Sunday, November 14, 2010


So, as you know, I've been working on my list of 101 to do in 1001 days. Just this past Saturday I officially completed #1 on the list: run a half marathon. I think I'll probably do another, but #2 (the whole marathon) is looking a little dubious. I'm leaving it up, for now, but we'll have to see.

But on to the new stuff, or the fairly new stuff anyway, since I already told y'all I'd done it. It being #21: roast a chicken. At the time that I actually completed said task I was moving and there was nothing to be done for pictures, but now I have my camera back and can post the goodies (for now, anyway. Did I mention that Max thinks he dropped the camera case (with battery and charger) in an Amish field? An Amish field that I walked through, finding no trace of the camera?). So without further ado, the chicken:

The chicken, all dressed up and ready to go into the oven
The chicken before: first, I mixed up a bit of salt and pepper, some chopped fresh thyme and dried rosemary with a good sized dollop of soft butter. Then came the icky part. It goes something like this: insert fingers under skin of chicken. Massage until skin is no longer connected to chicken, but be careful not to tear it. Work the butter/spice mixture under the skin. Ewww. But wait, there's more. After you've got your spice mixture under there, crush some garlic cloves, as many as you want, and rub them up under the skin too, placing them at strategic points so that they roast as the chicken does and you get a yummy skin. Once you've done the skin, get all the bits out of the chicken cavity and put some garlic, a little of whatever spices you're using, and a couple of lemon wedges into the bird. Then rub the whole outside with a generous helping of softened butter and more herbs/spices (mmmm, healthy. Not really, but it tastes a damn site better than dry chicken). While you're doing all this, preheat the oven to 450. Put the chicken on a rack, breast side down, and place the rack onto a pan that has some water in the bottom. If you don't put water down there, the fat is going to hit the pan and you will smoke up your entire house. Not fun. And remember to keep checking your water levels so that it doesn't disappear. Now you're ready. Stick the chicken into your oven, let it go for about 10 minutes, then turn the heat down to 375. This way you get some crispiness on the skin (at least according to the many articles I read).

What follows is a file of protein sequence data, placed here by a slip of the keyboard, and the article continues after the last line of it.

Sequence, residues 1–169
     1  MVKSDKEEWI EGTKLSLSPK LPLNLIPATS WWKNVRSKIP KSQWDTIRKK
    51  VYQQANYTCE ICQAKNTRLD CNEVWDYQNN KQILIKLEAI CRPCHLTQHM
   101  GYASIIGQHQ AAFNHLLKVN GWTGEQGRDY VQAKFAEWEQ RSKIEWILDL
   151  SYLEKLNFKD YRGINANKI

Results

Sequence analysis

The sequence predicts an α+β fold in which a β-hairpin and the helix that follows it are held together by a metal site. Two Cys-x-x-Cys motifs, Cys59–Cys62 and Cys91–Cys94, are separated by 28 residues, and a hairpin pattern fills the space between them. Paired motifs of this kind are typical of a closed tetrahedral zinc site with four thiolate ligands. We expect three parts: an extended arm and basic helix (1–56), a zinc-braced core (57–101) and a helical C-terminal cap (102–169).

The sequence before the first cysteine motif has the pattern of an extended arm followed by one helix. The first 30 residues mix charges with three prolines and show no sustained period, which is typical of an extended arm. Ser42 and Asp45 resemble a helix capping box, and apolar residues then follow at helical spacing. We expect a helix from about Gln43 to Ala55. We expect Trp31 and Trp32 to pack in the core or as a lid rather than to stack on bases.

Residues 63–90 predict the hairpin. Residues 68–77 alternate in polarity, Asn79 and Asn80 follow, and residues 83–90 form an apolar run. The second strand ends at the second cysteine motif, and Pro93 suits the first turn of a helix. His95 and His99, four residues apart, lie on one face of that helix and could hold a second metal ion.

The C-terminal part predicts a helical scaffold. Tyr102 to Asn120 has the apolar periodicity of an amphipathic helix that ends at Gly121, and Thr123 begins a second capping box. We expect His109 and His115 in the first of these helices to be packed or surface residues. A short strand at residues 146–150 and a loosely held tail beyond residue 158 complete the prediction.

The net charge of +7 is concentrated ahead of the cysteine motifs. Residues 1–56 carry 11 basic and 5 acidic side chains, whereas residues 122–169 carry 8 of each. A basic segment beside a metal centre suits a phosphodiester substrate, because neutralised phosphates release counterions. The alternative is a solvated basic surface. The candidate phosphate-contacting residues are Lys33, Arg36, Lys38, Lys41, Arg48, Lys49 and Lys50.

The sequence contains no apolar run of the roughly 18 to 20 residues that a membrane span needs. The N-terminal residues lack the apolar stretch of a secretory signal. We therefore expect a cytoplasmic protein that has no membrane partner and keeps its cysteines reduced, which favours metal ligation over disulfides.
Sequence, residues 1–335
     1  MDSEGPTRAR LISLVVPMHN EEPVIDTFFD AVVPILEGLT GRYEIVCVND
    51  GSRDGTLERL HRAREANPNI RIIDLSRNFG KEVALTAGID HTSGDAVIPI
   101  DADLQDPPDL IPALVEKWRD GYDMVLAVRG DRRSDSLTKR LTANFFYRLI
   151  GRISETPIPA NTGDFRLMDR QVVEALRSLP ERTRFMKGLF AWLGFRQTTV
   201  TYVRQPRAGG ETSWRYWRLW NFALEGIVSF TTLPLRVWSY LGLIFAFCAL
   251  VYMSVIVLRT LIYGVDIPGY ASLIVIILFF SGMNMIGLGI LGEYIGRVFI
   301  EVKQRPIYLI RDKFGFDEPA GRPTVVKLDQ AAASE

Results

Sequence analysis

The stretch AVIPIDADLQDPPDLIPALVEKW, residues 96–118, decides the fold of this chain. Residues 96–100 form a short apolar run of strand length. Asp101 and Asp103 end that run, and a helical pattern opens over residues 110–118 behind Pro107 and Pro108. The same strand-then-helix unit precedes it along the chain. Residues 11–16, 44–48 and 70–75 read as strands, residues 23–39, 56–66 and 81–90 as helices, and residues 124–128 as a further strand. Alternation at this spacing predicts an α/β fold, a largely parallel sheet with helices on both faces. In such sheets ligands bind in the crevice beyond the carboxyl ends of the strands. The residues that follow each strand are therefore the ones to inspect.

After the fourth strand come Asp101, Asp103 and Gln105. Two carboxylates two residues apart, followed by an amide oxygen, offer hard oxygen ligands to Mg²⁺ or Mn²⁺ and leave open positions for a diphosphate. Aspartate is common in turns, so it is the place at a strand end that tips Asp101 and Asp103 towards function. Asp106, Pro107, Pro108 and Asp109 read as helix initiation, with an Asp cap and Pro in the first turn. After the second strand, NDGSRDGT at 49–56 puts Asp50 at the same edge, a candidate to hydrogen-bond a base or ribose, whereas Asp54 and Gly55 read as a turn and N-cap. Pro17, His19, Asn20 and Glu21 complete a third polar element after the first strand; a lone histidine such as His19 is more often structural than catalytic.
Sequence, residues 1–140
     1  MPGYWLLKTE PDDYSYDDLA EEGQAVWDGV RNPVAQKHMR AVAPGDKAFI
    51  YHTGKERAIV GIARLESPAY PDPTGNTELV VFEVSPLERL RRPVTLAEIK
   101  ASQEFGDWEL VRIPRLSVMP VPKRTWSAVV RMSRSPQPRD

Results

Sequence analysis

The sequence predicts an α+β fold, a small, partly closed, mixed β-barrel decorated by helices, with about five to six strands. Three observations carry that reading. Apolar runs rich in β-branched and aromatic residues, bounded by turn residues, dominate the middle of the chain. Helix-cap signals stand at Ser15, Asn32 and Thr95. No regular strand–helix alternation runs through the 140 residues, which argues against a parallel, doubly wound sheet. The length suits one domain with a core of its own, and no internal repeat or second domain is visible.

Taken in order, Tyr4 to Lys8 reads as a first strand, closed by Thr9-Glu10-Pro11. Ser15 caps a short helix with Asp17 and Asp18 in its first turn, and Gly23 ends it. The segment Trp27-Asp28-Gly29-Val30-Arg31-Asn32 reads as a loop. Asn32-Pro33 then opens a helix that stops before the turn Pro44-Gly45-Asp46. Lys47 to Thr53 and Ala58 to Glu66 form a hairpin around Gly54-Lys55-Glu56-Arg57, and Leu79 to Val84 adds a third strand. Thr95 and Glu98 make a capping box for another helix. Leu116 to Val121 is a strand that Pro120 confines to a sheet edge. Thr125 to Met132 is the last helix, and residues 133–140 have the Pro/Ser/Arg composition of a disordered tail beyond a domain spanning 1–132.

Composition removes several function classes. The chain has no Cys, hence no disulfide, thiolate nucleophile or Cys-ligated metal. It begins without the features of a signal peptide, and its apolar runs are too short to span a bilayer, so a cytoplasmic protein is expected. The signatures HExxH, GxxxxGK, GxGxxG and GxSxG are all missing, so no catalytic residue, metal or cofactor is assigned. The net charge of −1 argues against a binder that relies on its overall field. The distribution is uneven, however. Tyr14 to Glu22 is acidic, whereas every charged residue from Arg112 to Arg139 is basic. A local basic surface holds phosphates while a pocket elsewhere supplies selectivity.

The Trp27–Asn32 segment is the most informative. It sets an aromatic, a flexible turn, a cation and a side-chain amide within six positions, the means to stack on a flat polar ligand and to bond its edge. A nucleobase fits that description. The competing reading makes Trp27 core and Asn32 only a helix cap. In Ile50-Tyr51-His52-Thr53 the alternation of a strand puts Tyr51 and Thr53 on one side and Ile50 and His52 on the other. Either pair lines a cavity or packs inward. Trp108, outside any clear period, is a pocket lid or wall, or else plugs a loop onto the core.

You'll have to wait a while for this one to cook. I read a bunch of different things, but my chicken, which was about 7 pounds, took around 2 hours to cook. Around the 1.5 hour mark (maybe a bit earlier), I flipped it over so that the breast side had a chance to crisp up without the breast drying out. It had one of those little pop-up thingies and I also used a meat thermometer to gauge doneness. While I was waiting for the last 20 minutes or so, I did a quick gravy with the pan drippings, some flour for thickening, and a bit of milk, and whipped up some mashed potatoes. Yum! And look at that crispy skin...sooooo good. So good, in fact, that I made another one a week later. Chicken conquered!

You know what, photo editor?  You suck.  Why is my chicken vertical?  Whyyyyy?

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